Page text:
Captain Oscar Sheldon was no doubt expecting a straightforward voyage as he sailed south. The Mabel Clark was newly built, and he had his wife and daughter with him. If so, that thought was to founder on the rocks of Tristan da Cunha.
The Mabel Clark was an American ship-rigged sailing vessel built at Waldoboro, Maine, by E.O. Clark and named after his young daughter Mabel. Launched in October 1877, this was only her third voyage. She’d sailed from Liverpool on the 9th March 1878 for Hong Kong with 2,102 tons of coal.
Everything went well until May 1, when at 2:00am in thick and hazy weather, the ship ran onto a rock off Molly Gulch, Tristan. The boats and everything on deck were soon washed away, and the ship began to break up. The crew took to the rigging to save themselves.
The islanders spotted the wreck at daybreak and went to the beach with ropes, tea and brandy. The crew saw them gathering on the shore, but realised that they could do nothing because of the high seas.
The first mate, despite a badly damaged shoulder, successfully swam ashore at about 2:00pm. Captain Sheldon, the second mate and five seamen followed his example. Some, including Sheldon, were successful, helped at great risk by islanders who repeatedly swam out with ropes tied to them, and returned with seamen in their arms. Unfortunately, the second mate and another seaman were dashed on the rocks. Three more were swept from the deck and drowned. The rest of the crew remained in the rigging overnight, while islanders built fires and kept watch on the shore.
Mrs. Sheldon was lashed to a mast for safety, while her little daughter Nina, was wrapped in a rubber coat and held tightly by one of the stronger men. Once, she was wrenched from his grasp for an instant, but by mere chance, her hair caught in one of the large blocks. He quickly grasped her back and managed to lash her to a mizzen top, uninjured except for two broken teeth.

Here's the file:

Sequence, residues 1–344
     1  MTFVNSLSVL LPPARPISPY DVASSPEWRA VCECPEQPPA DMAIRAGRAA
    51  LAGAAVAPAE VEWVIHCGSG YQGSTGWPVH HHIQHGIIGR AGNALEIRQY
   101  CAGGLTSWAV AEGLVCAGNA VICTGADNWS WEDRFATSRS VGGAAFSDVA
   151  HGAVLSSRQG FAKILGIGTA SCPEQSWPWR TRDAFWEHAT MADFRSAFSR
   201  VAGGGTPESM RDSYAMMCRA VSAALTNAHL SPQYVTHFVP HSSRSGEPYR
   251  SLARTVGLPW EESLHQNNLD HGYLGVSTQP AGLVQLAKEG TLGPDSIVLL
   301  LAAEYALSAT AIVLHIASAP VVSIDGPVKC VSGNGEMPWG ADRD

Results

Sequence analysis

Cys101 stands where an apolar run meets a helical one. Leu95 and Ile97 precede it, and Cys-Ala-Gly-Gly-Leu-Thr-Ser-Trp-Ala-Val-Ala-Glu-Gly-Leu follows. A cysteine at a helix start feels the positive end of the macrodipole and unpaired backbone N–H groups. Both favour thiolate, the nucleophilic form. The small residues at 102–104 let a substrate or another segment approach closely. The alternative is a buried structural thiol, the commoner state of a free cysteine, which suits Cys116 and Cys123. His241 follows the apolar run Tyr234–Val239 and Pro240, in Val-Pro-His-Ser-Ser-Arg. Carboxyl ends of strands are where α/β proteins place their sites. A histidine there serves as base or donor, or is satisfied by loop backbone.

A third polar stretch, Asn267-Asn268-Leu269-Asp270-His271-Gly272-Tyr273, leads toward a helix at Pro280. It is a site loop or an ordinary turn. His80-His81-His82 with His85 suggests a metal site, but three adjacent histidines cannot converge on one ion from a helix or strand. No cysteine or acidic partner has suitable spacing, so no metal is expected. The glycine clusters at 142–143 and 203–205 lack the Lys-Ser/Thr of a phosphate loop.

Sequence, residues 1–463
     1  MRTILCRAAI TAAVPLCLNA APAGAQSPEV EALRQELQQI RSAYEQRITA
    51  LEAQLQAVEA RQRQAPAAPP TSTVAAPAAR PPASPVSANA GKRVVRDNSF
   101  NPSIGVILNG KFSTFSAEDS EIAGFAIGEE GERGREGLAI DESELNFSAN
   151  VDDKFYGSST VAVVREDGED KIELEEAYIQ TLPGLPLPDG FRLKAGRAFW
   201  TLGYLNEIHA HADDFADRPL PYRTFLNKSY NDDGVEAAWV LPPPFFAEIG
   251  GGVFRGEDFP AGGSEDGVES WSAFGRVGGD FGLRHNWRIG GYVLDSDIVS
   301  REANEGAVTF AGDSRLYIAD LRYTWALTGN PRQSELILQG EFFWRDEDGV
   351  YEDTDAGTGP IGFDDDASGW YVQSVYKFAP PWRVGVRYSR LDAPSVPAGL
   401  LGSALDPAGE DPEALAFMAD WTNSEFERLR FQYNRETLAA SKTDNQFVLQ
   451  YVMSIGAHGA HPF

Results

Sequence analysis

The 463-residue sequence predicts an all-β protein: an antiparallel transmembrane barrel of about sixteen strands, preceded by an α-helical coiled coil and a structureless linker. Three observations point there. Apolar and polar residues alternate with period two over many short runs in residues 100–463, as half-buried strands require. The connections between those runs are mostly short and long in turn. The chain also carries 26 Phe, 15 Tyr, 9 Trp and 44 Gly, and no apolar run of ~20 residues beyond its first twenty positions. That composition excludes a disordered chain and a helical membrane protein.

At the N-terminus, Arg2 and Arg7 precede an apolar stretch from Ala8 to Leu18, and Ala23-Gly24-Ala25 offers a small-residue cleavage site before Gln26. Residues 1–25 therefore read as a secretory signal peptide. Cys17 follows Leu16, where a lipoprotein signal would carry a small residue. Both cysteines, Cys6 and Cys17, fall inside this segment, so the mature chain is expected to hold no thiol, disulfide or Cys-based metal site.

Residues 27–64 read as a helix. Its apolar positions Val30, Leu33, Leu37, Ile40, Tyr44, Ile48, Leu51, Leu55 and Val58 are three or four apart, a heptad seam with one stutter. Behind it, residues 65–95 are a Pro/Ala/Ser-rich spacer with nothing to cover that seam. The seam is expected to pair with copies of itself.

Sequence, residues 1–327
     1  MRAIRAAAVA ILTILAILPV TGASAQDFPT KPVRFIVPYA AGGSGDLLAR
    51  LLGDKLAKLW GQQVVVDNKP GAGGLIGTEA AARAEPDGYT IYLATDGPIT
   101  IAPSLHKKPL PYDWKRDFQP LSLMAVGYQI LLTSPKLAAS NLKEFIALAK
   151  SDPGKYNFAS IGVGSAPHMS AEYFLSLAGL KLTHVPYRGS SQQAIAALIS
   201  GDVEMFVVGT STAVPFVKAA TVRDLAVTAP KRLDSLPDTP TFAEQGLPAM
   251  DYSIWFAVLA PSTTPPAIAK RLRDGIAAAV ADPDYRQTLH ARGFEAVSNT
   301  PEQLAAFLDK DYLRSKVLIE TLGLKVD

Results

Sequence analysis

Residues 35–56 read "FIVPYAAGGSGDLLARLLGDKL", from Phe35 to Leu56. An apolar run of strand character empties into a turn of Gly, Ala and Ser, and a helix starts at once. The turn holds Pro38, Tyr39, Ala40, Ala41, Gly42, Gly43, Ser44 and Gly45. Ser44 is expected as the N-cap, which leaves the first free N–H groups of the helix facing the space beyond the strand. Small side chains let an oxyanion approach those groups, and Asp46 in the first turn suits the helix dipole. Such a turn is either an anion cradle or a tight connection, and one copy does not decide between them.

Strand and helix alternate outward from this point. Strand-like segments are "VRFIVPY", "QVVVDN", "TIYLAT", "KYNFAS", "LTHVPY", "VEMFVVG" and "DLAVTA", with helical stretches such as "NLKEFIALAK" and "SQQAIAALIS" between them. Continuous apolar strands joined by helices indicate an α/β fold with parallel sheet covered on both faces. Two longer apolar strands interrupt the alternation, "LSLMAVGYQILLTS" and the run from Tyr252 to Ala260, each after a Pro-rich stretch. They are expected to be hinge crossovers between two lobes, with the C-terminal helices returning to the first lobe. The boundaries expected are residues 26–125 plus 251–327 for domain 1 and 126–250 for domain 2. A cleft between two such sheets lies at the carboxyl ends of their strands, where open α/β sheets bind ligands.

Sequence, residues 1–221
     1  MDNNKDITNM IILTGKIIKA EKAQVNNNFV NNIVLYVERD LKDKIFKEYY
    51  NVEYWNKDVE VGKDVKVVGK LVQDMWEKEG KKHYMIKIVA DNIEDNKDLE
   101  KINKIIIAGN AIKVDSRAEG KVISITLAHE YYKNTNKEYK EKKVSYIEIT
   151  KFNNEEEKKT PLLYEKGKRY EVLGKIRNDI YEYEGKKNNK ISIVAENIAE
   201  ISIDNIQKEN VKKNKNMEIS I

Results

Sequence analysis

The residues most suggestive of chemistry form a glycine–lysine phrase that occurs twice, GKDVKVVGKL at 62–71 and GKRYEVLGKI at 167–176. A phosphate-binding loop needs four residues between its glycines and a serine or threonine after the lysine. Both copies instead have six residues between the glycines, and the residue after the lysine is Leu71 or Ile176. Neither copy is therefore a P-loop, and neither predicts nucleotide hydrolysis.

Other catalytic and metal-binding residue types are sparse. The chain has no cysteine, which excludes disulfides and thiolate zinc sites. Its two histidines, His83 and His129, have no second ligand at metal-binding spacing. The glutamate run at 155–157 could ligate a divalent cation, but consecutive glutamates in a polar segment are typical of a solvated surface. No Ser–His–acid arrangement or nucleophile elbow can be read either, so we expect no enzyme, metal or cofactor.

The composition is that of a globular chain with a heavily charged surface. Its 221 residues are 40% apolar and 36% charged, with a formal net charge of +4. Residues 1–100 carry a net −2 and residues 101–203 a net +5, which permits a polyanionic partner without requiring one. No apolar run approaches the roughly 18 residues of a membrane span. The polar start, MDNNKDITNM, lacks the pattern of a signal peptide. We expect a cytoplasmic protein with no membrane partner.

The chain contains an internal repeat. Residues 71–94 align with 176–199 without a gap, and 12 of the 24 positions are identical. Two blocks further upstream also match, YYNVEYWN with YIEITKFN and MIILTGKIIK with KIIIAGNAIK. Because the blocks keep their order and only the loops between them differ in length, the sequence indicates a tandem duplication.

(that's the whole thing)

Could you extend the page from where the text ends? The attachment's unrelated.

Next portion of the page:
The storm subsided enough the next day to get out two boats to rescue everyone still on the wreck. They had been in the rigging for 37 hours, and 44 hours without food. Alas, another seaman was found dead on deck, having died from exposure in the rigging.
Six had perished, but 18 survived. The following day they collected the bodies and buried them at the settlement. Tristan families sheltered the surviving castaways until they could be evacuated.
Evacuation of Survivors
The British barque Gladstone, called off Tristan on the 12th May 1878, but could not take away survivors. However, she left clothing, and carried the news to Sydney, Australia, and thence the world, arriving 22nd June.
The survivors were eventually evacuated piecemeal. Firstly, the Maulesden, took two crewmen off on the 6th June to Newcastle, New South Wales, arriving 27th July. The captain offered to take more, but sea conditions prevented embarkation.
On the 17th June, the Cambrian Monarch, took Captain Sheldon and his family and seven crewmen to Singapore, calling at Anyer, Java, on the 2nd August. On arrival at Singapore on the 5th August, Sheldon deposited a formal report and a list of fatalities with the US Consul. He and the first mate sent despatches home, in which they praised the hospitality and heroism of the Tristan islanders. On the 14th August, Captain Sheldon and family, the first mate, and the ship’s carpenter boarded the steam packet Gordon Castle for New York, where they arrived on the 2nd October. This left the steward and five seamen on Tristan.